Tuesday, April 9, 2013

For Those Who Couldn’t Travel . . .

I have been sitting on this for a couple of weeks (not literally, but you get the idea) – there were a lot of requests for instructions for the Paper Bag Album that was the Marco’s Book Club project for March.  And thanks to Chris Mach, here they are – complete with pictures.


Paper Bag Album

Stack 3 paper lunch bags on top of each other, alternating ends.

*Begin with bottom bag opening at the right side.

Keeping bags evenly stacked, fold in half to make a “book”.

Distress edges of all patterned papers (5 ¾” x 6”) and Desert Storm 5 ½” x 5 ½” squares with brown ink.

Adhere patterned papers about a ¼” from center folds as shown in photos.

Tags: fold ribbon in half, cover with half dark brown circle, and staple to center edge of Desert Storm square (fig. 3, 4, 6)

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Left to Right: Figures 1, 2 & 3

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Left to Right: Figures 4, 5 & 6

Cover: letter

Color chipboard letter with gelatos; spray with Goosebumps and sprinkle with glitter. Set aside to dry (fig. 1). Stamp background on smaller label and distress with desired ink; layer onto brown label. *After finishing inside pages, complete cover with patterned paper, white Edgeability border and 2 1/2” x 6” patterned paper strip. Add pearls if desired; adhere layered labels and letter with strong adhesive. Punch three holes 1, 3, and 5 inches from left edge of cover; add rings and ribbon (fig. 1).

Pages 2-3

Emboss white strips (2”x5 ¾”) using stripe folder, distress with brown ink, wrap ribbon around end and tie. Layer corner punches as shown (fig. 2).

Pages 4-5

Distress Desert Storm strips (1 ½” x 5 ¾ “) with brown ink and adhere about ½” from top; add dark brown flowers and Candi Dots (fig. 3).

Tag: Stamp brown circles using new pencil eraser and ink on right side of 5 ½” x 5 ½ “ Desert Storm square; adhere dark brown strip as shown (fig. 3).

Pages 6-7

Emboss white strips (2” x 5 ¾”) using border folder; distress with brown ink and stamp center of flower with new pencil eraser and brown ink. Adhere to bottom of page (fig. 4).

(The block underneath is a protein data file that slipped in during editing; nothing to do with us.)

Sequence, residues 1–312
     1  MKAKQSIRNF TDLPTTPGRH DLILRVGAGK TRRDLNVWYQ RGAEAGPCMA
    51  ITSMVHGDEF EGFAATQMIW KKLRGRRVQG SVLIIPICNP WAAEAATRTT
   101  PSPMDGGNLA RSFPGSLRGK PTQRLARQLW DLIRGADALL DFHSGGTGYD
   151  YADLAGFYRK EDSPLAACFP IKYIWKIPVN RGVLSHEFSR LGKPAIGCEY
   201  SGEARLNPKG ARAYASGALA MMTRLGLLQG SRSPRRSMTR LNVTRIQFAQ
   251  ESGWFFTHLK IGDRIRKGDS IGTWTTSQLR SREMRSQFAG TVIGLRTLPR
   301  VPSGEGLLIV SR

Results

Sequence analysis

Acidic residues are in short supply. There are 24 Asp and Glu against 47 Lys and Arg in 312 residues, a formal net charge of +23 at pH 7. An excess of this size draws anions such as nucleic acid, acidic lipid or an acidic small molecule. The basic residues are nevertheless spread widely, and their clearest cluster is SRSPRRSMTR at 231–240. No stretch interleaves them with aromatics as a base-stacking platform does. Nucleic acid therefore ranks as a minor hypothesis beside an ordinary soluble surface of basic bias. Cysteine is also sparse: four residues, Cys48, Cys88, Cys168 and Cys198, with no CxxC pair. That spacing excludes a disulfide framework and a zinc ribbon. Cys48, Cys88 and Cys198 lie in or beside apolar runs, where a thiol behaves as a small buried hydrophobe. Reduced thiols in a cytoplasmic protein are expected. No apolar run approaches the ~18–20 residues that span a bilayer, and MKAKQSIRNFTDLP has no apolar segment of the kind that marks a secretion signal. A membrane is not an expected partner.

Tag: Stamps butterflies (Hero Arts) in brown ink on left side.

Pages 8-9

Punch scallop border on both Desert Storm strips (1 ½” x 6”) and distress with brown ink. Adhere to outside edges as shown (fig. 5)

Pages 10-11

Cut 4 one inch squares from Desert Storm strip; round on pair of opposite corners of each square to create petal shape. Emboss with Swiss Dot folder and distress with brown ink. Adhere “petals” in left corner to form flower and add Candi Dot center (fig. 6)

Tag: Stamp with Newsprint Flower (Hero Arts) in brown ink.

Saturday, April 6, 2013

When I Was a Boy . . .

Here’s a little something to warm your heart.  Dave Nelson, my college roommate, posted the following on his Facebook page this morning . . .

“I just completed a book entitiled "When I was a boy!"  It started out as a children's book, end ended up more for adults.  It took a lifetime to write, and will only take a few minutes to read.  If you like it, share it.  If you like it a lot, let me know what you really liked.  If you like it a whole lot, send me sacks of cash!;-).  If you didn't like it, well, sorry about that.  The link below should take you to a pdf file on my Wordpress page.”

After I stopped laughing (the “sacks of cash” crack is the Dave I lived with), I clicked on the link.  And I’m still thinking about what he wrote – and looking forward to the sequel.


Click on the picture above or use this link -- http://davidpnelson.files.wordpress.com/2013/04/when-i-was-a-boy3.pdf

Take four or five minutes and read it, especially if you remember the 60s and 70s – I think you’ll be glad you did.

Friday, April 5, 2013

Unexpected Benefit from the Arizona Trip . . .

When we were walking up the Sabino Canyon tramway 3½ weeks ago, Dad mentioned that he and Mom used to take that walk often, but since her chemo she was reluctant to venture outside their complex.  He was convinced that she would benefit from knowing she could do it, so before we left Blake and I encouraged her to give it a try.


Last night, Dad texted us this picture... they walked the tramway together yesterday -- 7.6 miles roundtrip “in record time” (according to Dad).  Dad said they moved really fast on the way back... Mom said it was like the proverbial “horse returning to the barn!"